A real highlight for me was the Agile Development case study at Grockit, by Farb Nivi.  Farb went into a lot of great info about accepting change/chaos, how to write good user stories (make them narratives, not “to do” lists).  He talked about an Agile planning  tool they use called Pivotal Tracker that I need to take a look at.  His presentation also had a very cool feel to it and was done with a tool called Prezi.

The thing that really caught me about Farb’s presentation was the development culture and the way they have embraced pair programming.  The interview process at Grockit is simple.  Candidates come in and pair program with one of the development team.  I can’t think of a better way to get to know whether a candidate is someone I would want to work with and has sound software engineering skills. I have had a few posts on the value of pair programming and the challenges in getting more developers to adopt it, so having this question about a candidate answered up front is invaluable.

Grockit’s philosophy on languages is simple and straightforward too.  They don’t care what languages or tools you have used, if you have good skills and work well as part of a team you will be able to produce good code in whatever languages they are using.  That is an incredibly refreshing and enlightened attitude (although on their website they say you need to have programmed in Java and Ruby for at least a year.  Jeez, Farb which is it LOL).  Developers at Grockit spend 70-80% of their time pairing, with the reminder spent on spike’s or some other stand-alone tasks.

Getting to Plan B – Randy Komisar

After the break, Eric Ries sat down with Randy Komisar in a talk titled “Getting to Plan B“.  This was a great back and forth discussion between Eric and Randy.  Randy talked about answering the “Leap of Faith” questions.  These are the questions that you need to answer, that if you don’t know the answer to will kill your product.  They can be technical, marketing, whatever.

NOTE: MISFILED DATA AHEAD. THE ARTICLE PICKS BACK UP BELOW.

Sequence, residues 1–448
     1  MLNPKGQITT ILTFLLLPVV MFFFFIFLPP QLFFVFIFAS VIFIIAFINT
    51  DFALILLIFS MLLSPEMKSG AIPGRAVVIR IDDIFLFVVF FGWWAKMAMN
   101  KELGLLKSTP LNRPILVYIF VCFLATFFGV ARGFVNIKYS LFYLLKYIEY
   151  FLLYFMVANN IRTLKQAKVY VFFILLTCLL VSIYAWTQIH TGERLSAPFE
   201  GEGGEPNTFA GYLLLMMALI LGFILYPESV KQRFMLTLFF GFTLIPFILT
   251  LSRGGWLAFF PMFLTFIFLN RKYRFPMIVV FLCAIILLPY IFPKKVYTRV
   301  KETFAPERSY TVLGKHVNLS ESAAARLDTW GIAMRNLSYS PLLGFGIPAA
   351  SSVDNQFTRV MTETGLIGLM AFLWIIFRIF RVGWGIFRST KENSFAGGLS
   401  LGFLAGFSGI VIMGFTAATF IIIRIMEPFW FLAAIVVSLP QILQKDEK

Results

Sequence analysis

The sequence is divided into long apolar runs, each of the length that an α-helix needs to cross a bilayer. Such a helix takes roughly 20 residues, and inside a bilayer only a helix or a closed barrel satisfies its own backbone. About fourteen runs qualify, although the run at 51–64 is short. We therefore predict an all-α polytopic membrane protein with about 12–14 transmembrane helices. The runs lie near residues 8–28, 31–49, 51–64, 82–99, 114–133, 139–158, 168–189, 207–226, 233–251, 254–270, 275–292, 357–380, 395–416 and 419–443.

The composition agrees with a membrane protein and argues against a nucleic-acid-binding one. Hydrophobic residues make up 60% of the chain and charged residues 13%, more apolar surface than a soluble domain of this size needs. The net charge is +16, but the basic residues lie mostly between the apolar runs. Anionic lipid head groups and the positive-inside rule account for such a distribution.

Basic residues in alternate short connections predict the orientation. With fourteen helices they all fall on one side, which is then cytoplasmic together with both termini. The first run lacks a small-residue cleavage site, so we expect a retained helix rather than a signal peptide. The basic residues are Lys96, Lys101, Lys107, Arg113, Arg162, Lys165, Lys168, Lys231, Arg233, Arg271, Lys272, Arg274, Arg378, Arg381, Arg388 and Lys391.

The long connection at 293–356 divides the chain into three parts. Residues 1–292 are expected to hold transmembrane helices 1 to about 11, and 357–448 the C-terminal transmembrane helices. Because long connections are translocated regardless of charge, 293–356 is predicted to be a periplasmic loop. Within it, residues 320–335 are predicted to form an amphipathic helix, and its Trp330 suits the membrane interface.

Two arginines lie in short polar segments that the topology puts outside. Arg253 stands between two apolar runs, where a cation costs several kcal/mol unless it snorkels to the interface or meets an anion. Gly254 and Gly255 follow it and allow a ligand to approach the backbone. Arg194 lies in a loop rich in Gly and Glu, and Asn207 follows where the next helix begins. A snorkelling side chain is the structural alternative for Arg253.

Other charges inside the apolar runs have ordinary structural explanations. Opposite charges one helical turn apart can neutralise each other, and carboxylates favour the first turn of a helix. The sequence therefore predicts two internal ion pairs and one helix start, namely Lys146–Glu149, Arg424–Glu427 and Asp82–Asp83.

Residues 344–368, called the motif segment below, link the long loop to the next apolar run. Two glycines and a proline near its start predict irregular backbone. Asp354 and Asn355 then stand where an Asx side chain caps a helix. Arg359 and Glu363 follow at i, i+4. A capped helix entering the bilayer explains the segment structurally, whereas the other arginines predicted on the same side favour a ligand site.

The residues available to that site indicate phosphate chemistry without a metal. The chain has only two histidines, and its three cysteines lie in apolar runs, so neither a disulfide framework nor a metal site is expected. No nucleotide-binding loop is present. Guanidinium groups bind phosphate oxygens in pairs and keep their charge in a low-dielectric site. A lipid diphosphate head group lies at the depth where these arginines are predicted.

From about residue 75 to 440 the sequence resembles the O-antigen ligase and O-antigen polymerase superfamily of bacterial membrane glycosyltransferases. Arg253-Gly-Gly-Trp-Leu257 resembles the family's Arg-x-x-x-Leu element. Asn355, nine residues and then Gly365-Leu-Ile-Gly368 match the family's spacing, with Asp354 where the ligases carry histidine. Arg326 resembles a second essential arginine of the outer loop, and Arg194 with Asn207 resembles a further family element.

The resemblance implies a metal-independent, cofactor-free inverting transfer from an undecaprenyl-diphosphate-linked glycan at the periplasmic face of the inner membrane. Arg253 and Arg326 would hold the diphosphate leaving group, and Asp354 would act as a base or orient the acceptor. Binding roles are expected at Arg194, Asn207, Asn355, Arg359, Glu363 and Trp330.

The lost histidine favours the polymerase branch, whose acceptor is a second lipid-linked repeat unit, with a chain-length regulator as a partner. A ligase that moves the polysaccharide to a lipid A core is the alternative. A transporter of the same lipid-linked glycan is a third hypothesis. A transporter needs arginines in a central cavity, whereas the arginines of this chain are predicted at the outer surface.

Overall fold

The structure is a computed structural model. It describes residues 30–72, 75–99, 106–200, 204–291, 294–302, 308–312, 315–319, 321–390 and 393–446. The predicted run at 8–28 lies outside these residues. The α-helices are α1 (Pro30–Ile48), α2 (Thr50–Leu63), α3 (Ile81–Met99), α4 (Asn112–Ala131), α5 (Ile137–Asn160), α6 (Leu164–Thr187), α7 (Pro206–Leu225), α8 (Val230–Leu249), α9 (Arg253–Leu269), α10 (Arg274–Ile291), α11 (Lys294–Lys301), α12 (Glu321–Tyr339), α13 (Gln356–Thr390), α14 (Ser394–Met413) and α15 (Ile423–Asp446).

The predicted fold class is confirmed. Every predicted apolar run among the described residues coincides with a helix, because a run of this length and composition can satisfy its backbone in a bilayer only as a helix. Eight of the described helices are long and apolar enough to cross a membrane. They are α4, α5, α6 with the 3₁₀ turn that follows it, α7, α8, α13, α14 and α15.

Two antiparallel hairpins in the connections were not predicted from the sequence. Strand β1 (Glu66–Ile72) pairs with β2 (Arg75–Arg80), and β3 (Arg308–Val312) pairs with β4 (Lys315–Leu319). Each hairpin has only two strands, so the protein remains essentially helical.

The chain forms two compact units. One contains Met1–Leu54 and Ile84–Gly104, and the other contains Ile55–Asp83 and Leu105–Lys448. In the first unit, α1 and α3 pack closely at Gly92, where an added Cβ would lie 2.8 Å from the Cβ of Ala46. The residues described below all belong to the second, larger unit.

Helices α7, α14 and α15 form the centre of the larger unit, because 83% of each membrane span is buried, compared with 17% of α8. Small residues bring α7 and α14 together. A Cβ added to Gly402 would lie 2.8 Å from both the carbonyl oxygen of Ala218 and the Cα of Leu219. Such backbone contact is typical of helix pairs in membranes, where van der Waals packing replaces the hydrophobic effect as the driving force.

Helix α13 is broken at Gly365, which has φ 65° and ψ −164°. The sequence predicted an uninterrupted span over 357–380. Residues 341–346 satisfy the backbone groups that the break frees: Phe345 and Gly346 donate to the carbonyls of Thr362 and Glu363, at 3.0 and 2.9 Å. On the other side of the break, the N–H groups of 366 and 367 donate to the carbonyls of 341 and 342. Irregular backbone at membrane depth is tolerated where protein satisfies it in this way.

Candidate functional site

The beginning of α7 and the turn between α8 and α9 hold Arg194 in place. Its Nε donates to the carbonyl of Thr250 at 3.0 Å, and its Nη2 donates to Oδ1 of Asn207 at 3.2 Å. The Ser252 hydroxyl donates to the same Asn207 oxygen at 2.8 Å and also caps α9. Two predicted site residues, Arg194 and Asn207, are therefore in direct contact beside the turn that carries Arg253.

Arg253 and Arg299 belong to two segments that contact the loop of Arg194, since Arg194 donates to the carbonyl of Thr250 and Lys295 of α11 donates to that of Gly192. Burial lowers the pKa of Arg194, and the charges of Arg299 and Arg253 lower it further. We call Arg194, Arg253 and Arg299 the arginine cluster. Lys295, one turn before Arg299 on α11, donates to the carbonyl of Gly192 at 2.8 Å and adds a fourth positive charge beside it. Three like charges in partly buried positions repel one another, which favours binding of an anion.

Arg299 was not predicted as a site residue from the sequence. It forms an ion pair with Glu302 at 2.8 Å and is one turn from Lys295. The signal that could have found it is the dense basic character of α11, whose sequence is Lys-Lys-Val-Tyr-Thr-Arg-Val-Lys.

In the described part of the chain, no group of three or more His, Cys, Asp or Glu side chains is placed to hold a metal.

Randy also talked about the importance of a “dashboard”  to guide you and track your progress: are you measuring the right things to answer your leap of faith questions.  I found some interesting articles with the Sloan Review and Sramana Mitra that touch on a lot of what he talked about.  When the presentations go online I strongly recommend watching this presentation.

In Closing

There were several other good presentations, more than I can write about.  When the presentations go online I strongly recommend checking them out and finding the things that hit home for you.  And thanks again to the folks at the Lean Startup Circle – Boston for putting on the simulcast and giving a place for people to get together and exchange ideas.

Update: The videos from the Startup Lessons Learned conference are available on

Why TDD?

“When do you write your tests?”

This is a question that I have been putting to developers lately and the answers I get back sometimes surprise me. I still hear a lot of people say they are writing their tests after the majority of the code is written. These are people who, by and large, agree in the value of unit testing.  Unfortunately by deferring testing to after the code is written I think they are missing out on an opportunity to make significant improvements in how they write software.

Remember, it is test driven development.  The tests play an important role in driving the interface definition, underlying design, and structure of the code.